1. Well, one Easter, some years ago, I was told that we were hosting 4 additional folk, and I prepared for that. Unfortunately, on the Saturday, before, I was told that two others would be joining us, so I made additional arrangements. On Sunday morning, my wife got some calls. Seems that everyone had at least two others, who needed to be included. Besides ourselves, we had an additional 13 people, who just had to attend. For a group of 20, I would have had the meal catered, but instead, due to late notice, did the grilling, the bartending and the sommelier duties. Let's just say that the lamb chops were seared, the martinis not filled on time, and the wines were late getting poured. That will NEVER happen again.

                                    Now, I insist on knowing exactly who will be attending, a week before the "event," and if more than about six, then I call up my caterer for it, and get a bartender and sommelier, along with a couple of servers. Once was more than enough.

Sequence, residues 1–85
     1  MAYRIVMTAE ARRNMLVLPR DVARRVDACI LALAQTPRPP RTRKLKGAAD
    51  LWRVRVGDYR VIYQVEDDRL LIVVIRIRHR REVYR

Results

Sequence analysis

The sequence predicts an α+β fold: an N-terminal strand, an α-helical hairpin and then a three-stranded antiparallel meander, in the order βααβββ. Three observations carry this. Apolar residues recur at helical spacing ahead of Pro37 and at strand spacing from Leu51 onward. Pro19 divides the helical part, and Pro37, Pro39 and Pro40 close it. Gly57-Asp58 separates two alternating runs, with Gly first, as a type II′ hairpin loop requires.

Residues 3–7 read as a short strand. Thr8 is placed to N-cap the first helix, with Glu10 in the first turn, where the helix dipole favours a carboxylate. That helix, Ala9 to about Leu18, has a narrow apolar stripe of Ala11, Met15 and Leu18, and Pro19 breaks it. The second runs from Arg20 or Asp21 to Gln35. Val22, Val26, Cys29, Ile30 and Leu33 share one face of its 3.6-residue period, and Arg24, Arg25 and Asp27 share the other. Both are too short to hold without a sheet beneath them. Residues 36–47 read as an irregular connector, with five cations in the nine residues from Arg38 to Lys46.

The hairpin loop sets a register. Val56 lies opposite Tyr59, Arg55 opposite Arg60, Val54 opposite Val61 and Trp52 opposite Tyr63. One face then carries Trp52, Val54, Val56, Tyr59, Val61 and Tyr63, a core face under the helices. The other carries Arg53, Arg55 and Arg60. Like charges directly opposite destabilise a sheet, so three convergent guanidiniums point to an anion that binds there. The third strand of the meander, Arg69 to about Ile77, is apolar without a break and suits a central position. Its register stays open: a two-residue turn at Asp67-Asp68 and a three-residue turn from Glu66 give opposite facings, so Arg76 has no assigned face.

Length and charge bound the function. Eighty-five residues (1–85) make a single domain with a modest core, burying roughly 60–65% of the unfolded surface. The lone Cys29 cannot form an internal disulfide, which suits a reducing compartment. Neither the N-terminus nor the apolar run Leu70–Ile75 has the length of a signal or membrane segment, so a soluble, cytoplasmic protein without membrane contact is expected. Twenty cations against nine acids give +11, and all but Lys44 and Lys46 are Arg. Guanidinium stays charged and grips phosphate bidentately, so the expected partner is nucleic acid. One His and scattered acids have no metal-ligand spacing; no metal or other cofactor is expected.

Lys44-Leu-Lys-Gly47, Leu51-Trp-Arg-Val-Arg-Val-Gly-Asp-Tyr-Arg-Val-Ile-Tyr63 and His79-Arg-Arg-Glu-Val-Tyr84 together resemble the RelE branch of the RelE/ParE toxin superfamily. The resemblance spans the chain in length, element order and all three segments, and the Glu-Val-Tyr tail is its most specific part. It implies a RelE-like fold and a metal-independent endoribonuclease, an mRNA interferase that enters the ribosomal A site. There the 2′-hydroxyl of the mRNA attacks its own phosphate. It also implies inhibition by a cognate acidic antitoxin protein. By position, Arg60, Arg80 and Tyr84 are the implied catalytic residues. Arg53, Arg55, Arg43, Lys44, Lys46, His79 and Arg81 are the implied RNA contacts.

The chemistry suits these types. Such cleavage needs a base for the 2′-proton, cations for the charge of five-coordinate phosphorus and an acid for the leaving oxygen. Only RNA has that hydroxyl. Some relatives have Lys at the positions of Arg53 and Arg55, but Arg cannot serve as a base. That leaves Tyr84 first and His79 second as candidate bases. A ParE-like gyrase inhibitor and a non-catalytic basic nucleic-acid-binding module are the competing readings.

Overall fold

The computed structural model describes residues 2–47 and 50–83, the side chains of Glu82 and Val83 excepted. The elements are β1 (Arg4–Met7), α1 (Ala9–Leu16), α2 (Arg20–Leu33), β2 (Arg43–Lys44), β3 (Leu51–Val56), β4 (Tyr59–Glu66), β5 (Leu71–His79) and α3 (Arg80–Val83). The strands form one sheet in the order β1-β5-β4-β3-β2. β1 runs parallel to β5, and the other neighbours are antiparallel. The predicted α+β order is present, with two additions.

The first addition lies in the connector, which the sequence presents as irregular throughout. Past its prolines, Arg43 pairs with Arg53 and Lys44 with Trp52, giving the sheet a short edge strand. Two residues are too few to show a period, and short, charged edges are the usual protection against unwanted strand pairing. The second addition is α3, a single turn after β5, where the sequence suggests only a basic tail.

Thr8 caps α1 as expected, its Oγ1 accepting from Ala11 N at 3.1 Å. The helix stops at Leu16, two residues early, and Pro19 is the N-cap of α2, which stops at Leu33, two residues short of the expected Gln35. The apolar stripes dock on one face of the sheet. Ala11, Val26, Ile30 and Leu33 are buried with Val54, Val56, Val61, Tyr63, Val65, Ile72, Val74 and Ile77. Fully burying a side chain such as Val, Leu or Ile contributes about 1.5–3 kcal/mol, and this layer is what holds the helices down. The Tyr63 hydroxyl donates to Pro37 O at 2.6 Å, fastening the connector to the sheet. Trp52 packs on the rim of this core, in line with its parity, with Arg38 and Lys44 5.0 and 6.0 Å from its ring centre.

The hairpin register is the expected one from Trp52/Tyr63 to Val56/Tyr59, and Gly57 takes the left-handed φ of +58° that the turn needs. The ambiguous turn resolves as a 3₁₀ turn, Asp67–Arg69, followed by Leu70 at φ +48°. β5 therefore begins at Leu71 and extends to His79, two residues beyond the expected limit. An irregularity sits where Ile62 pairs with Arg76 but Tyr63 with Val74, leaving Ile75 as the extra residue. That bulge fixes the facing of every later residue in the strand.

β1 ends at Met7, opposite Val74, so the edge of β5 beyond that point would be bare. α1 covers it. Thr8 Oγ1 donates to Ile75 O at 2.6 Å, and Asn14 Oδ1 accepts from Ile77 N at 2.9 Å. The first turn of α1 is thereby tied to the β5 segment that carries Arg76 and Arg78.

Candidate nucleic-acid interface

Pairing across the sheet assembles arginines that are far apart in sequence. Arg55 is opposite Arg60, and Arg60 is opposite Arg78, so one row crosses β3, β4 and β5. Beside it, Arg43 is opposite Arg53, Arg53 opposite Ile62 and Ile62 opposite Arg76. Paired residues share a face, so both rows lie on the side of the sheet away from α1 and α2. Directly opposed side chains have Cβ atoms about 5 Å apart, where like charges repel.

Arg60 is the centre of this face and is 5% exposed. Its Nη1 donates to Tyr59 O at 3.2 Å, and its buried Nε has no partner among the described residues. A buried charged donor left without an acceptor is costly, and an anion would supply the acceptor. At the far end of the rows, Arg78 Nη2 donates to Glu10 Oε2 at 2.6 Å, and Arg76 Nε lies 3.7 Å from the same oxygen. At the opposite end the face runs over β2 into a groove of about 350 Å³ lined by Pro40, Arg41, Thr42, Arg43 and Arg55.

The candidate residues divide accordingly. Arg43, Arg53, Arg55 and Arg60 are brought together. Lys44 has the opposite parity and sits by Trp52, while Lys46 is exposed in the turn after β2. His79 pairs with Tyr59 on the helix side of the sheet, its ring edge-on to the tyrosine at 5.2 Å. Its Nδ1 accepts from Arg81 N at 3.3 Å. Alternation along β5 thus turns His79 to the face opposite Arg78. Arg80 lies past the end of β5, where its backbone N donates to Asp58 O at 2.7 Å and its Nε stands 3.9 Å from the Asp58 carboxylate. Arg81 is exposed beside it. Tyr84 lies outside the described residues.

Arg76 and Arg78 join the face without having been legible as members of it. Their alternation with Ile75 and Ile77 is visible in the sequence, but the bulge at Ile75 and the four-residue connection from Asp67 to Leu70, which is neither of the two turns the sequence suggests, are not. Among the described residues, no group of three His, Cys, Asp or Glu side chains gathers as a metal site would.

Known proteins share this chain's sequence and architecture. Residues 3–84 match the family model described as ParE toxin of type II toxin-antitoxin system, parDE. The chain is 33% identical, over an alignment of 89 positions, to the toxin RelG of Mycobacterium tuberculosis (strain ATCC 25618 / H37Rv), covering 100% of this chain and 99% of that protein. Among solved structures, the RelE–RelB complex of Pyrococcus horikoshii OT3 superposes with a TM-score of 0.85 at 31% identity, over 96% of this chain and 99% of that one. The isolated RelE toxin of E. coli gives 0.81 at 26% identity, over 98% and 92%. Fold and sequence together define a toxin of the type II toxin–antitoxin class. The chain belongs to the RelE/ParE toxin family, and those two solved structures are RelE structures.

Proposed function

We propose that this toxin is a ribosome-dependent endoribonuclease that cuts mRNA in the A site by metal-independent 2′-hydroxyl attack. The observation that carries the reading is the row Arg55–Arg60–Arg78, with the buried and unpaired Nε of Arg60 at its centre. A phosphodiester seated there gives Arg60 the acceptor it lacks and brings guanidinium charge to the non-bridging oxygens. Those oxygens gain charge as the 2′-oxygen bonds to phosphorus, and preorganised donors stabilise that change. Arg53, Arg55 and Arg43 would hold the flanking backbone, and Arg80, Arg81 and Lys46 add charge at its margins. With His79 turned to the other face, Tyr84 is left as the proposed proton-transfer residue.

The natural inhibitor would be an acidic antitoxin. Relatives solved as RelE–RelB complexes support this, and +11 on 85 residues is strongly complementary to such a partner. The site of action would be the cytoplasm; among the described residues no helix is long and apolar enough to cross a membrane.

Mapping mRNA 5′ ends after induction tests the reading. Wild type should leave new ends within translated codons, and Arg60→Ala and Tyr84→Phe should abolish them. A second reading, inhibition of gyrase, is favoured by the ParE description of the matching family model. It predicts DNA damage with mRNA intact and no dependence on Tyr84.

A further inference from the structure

2 Replies
                                    1. re: Bill Hunt

                                      More than six, a caterer, bartender, sommelier and a couple of servers? Along with more than six people, I couldn't fit that crew into my house. Have a great holiday, I know you will.

                                      1. re: Bill Hunt

                                        A practical solution for the OP's dilemma :)

                                      2. I don't have a problem with someone bringing an unexpected guest per se (okay, I do, but that's not my biggest hangup here. I do have a problem with someone stamping their feet and requesting why I would serve a particular dish. If it should be about food and friends for me, why do they get a pass on not focusing on the company--especially when I'm the one who went all out?! When people act so thankless and so demanding, I do not want to have them back over--and why should I?

                                        There are many explanations for why she would have brought someone. In general I think it is terribly rude to invite a guest to someone else's dinner, but there may have been extenuating circumstances. However, that is a situation where, if memory failed or whatever, I would say that did she mind me bringing (xx--fill in with some vegetarian friendly side) because my uninvited guest is vegetarian. This way I do not put an imposition on my host, but she has clearly gotten the message that the uninvited guest is vegetarian and has the opportunity to say "yeah that's great" or "in that case I'll whip up xx."

                                        In your situation I would've sliced up the beef and served it that way.